First the bad. The world of Rapture is extremely familiar in Bioshock 2. This is one of those unavoidable negatives I mentioned above. The original was so, well, original, players spent most of the game in a state of awe, marveling at what lay around every corner, who was attacking them, and where the story would take them next. It's been 10 years since the original, in the game's timeline, and while the corridors of Rapture certainly appear a bit worse for wear, walking through the city often feels like a return visit despite the new locations.

The scares, too, are less effective. You know most of the tactics being utilized and you've been startled by the different types of splicers before. This is not to say the creepy atmosphere is wholly missing. The old timey soundtrack adds a subtle amount of unease, the ambient noises keep you guessing and, from time to time, there are some great "jump off the couch" moments. I was kept on edge through most of the game, true, but I fear Cohen's "plaster room" from Bioshock 1 may have absolutely spoiled me.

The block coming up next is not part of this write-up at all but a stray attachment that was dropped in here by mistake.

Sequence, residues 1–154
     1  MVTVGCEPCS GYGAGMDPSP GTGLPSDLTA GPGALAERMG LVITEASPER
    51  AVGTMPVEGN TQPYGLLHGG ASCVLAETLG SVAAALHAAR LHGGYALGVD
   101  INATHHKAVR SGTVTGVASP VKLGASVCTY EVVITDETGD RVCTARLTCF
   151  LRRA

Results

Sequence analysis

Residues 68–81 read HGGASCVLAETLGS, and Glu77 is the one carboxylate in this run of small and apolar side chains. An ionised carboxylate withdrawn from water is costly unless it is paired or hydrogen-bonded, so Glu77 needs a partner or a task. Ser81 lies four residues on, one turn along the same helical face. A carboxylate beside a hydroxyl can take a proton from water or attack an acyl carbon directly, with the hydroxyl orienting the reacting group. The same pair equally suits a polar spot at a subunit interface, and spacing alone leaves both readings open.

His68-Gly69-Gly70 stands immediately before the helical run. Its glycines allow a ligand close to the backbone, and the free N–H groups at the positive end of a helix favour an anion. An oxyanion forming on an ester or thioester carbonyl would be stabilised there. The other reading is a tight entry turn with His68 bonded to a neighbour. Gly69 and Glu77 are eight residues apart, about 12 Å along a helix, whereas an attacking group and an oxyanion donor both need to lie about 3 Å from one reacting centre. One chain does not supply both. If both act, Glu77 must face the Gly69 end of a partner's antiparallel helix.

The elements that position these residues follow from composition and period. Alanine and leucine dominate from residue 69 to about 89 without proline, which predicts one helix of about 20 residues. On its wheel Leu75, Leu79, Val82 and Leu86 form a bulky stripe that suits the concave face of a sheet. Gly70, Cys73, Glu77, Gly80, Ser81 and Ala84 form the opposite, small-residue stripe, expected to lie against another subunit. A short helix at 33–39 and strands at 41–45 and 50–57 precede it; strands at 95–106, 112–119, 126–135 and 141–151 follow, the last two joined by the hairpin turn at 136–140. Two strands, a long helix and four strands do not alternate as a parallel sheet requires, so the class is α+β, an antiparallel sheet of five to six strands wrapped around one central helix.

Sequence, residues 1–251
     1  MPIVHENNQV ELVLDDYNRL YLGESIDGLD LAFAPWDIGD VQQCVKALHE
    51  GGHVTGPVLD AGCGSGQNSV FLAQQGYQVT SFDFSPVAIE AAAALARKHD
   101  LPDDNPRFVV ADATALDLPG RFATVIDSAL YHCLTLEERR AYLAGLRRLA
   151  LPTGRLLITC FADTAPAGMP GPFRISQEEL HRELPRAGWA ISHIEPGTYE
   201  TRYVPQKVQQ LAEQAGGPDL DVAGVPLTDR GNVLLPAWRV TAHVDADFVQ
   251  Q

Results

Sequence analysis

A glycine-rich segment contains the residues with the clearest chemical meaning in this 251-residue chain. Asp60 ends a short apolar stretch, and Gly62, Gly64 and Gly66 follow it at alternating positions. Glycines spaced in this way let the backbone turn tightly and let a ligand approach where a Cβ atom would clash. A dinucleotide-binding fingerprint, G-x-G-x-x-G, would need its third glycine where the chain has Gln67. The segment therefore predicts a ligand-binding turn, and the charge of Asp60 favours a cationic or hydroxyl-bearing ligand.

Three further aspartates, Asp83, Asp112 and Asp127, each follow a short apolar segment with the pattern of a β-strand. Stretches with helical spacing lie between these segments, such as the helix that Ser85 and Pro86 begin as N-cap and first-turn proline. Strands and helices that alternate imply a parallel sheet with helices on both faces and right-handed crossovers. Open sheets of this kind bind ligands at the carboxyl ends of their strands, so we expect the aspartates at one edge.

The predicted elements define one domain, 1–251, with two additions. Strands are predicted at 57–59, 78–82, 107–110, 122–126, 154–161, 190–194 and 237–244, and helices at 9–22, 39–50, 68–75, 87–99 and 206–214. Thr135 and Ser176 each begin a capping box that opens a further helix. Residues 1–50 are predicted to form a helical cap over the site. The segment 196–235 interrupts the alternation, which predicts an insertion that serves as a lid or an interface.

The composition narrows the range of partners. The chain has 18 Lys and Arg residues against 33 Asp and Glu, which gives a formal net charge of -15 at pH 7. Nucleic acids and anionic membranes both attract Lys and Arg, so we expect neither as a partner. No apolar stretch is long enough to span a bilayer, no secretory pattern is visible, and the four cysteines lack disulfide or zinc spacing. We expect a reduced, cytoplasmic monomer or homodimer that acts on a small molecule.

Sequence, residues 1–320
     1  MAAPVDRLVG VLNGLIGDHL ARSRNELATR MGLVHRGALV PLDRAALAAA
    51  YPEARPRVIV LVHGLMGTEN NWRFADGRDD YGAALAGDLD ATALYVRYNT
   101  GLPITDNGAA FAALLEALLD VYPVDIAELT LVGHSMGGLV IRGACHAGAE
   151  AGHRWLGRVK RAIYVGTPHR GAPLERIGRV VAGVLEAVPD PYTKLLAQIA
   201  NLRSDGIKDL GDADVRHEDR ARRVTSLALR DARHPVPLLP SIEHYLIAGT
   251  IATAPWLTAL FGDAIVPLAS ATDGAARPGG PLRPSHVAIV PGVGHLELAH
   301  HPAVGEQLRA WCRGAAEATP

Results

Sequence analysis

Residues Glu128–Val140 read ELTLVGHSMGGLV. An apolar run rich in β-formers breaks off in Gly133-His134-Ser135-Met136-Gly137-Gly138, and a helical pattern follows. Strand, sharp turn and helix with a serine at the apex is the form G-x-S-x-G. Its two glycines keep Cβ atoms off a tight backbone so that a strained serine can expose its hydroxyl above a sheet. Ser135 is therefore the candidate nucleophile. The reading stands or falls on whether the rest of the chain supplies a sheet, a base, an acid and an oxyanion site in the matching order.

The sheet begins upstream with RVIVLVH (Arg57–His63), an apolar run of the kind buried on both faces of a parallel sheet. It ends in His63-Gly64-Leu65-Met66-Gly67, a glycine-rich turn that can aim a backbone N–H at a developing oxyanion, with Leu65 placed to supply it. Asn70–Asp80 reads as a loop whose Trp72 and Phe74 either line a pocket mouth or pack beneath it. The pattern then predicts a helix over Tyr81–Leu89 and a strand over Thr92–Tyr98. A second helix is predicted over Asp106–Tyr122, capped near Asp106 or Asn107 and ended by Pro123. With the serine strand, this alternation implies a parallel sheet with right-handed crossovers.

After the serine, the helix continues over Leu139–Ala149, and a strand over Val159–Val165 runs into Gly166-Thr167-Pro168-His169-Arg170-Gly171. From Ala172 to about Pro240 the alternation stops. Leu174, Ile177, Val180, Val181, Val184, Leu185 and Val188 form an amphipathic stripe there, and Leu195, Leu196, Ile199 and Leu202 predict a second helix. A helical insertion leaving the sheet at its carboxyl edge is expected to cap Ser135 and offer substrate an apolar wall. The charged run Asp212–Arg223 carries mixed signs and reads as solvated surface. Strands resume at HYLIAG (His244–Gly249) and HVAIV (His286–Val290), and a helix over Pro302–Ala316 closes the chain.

So the game is a bit too familiar and the scares don't keep the blood pumping quite as fast this time around, but that's literally all I can find to complain about.

While I enjoyed hacking in the first game, the new version of turning bad bots good is much more streamlined, taking place in-game within a matter of seconds but still just as hard on the ole nerves. There's a couple of new weapons and plasmids, some of which can now be charged, making for plenty of variety when it comes to dispatching the bad guys.